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Fight Night is as good as Barry McGuigan's but employs a different approach. The graphics are certainly better, with impressively large and well-animated characters. Whereas the Activision title is enjoyable to play because it adopts a very serious approach to the noble art of fisticuffs, Fight Night is just as much fun because of its light-hearted angle -- although it still follows an acceptably logical attitude to boxing. The numerous options are all extremely easy to use and being able to define your own boxers adds to the game's lasting appeal tremendously. US Gold have managed to put together a sports simulation that is not only good to play, but fun to watch as well, combining natural laws with those of the animated cartoon strip. This should appeal to just about everybody.




Welcome to Game of the Week! Each week there will be a new featured game on this page. The game may be good, average or diabolically bad, it really doesn't matter! Just look at the pics, read the text and enjoy the nostalgia! :-) Game of the Week! is open to contributions so if you would like to contribute a game article for this page you're more than welcome to! Every article we receive will be considered!
Fight Night
1985 U.S. Gold
Programmed by Dave Thomson, Tris Orendorff, Ken Shimizu & Anita Acheson
Most text of the present article comes from the preview published in the eighth issue of the British C64 magazine ZZAP!64 (street date: 14 November 1985) and the review in the tenth issue (street date: 9 January 1986).

US Gold, 9.95 cass, 14.95 disk, joystick only

You may or may not remember a small news item that appeared in issue 6 of ZZAP! about a new boxing game from US Gold/Sydney called Fight Night. Well, after much delay it's finally arrived . . . sort of.

You see, at the time of writing the program isn't really complete. In fact, there is a succinct little message on the front of the documentation that sums up the situation quite nicely . . .

So, we're slicking to our guns and giving a PREview of the game to whet your appetite as opposed to a full REview of an unfinished product to mislead you. More next month, but for now . . .

Fight Night is the fourth boxing game/simulation to be released on the 64 and has been around a year in the making. It boasts many features and an exciting combination of cartoon quality graphics and equally amusing gameplay. There are four main options present on the cassette version and five on the disk.

Main Event. Essentially a straightforward boxing 'simulation' that lets you box against five of the worlds meanest fighters, each with their own distinctive style (usually dirty), strengths, weaknesses and Super Blow. The latter is a very powerful punch that knacks you for six if it lands successfully. It also deforms your boxer rather amusingly in the process!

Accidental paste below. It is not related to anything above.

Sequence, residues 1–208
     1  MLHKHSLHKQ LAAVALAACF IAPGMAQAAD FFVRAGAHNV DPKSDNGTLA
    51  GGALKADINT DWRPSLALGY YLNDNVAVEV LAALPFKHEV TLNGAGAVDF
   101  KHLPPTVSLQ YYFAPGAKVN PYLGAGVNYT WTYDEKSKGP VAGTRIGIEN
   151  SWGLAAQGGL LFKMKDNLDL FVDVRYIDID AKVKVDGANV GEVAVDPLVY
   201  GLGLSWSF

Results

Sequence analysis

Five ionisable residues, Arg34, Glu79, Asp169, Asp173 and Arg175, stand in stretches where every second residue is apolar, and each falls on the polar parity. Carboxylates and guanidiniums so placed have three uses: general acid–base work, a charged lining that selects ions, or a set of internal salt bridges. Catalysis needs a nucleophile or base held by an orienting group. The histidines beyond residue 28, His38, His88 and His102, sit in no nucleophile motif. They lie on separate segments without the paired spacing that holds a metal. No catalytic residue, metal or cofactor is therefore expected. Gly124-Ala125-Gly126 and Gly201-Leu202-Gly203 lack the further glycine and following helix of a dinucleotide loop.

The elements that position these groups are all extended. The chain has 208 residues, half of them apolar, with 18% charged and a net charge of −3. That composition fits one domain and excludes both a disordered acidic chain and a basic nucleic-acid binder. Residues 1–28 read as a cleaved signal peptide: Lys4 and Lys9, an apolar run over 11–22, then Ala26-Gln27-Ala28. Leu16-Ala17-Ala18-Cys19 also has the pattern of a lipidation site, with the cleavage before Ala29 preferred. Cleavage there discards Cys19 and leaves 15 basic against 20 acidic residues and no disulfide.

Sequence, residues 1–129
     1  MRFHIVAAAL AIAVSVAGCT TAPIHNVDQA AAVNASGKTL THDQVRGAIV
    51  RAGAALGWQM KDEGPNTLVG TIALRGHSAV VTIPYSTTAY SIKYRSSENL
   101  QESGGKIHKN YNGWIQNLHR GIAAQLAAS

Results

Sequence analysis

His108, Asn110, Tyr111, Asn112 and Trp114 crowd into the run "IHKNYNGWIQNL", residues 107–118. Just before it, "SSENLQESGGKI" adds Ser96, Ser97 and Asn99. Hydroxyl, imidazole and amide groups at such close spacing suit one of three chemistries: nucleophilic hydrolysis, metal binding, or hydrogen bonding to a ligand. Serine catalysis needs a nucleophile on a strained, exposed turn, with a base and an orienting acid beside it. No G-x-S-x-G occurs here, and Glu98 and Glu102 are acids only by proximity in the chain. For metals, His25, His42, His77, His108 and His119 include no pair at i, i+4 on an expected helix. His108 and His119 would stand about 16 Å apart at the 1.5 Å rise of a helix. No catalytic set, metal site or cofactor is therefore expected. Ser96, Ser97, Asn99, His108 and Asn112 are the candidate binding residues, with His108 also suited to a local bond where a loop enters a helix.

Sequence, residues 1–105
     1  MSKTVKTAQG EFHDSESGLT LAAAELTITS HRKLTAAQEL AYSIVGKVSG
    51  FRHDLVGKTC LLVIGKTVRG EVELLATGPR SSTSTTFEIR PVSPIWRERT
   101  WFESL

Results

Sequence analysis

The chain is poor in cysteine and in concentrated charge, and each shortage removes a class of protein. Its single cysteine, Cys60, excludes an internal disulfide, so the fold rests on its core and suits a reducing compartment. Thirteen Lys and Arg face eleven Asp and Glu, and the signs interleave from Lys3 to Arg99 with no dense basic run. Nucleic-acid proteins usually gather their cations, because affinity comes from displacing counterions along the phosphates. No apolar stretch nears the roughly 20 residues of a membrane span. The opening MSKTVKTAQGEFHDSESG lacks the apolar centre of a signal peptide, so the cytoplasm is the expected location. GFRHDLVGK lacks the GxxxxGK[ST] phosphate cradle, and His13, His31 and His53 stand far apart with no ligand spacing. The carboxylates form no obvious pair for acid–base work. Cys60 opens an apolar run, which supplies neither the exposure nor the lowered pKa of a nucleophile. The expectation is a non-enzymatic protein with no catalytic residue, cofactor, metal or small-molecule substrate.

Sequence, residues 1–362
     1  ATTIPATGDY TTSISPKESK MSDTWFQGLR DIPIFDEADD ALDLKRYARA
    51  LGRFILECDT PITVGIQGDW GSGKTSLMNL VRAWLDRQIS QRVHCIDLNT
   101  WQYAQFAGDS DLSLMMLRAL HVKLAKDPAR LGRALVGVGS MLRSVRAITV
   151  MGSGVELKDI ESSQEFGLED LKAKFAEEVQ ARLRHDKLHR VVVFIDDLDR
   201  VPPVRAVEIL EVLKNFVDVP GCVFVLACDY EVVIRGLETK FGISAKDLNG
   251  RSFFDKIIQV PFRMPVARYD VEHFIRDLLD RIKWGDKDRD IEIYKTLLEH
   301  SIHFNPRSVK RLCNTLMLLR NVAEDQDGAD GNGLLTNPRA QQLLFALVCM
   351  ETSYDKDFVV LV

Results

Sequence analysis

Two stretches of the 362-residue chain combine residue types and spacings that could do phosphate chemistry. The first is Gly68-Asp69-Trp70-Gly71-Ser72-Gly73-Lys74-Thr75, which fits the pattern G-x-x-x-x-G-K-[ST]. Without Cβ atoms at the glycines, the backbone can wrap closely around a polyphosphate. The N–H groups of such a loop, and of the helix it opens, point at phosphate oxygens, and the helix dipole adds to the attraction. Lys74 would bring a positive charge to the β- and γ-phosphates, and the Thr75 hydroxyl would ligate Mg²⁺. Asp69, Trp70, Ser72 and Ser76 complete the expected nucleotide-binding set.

As a challenger you must first battle your way past four increasingly ferocious contenders before meeting the Champ -- the Bronx Bomber. There are eight different manoeuvres at your disposal and all are accessible via a single joystick. Jabs and body blows can both be thrown or faked and your guard can be raised or dropped. One can also move left and right across the ring to avoid punches.

The boxers start in their respective corners and on the sound of the bell it's time to come out fighting. The bout is held over three rounds with the simple object of knocking out your opponent before he floors you. Points are awarded for landing a successful punch, and in the event of a bout going the distance, a win is awarded on score.

Boxing Construction. One of the most amusing and original aspects of Fight Night is the Boxer Construction option. In this mode it is possible to build and customize personal boxers to either use as opponents or fight with.

When you use the construction mode you are given five different choices of four different parts of the body -- arm, legs, head and torso. Putting them together is done using the joystick and is very simple. Once the boxer has been built, you can select the colour of his skin, gloves and shorts and whether he's player or computer controlled. When that has been done you are asked to allocate points (out of twenty) to the boxer's left and right punch strength and resilience to attack. Using this you can give the boxer a tremendously powerful left jab, although his right would be weak. The same goes for resilience -- the boxer could be practically immune to body punches, but then a blow to the head would really shake him.

If the boxer is computer controlled, then you are also asked to define his offensive/defensive and whether he uses brains or brawn in similar fashion.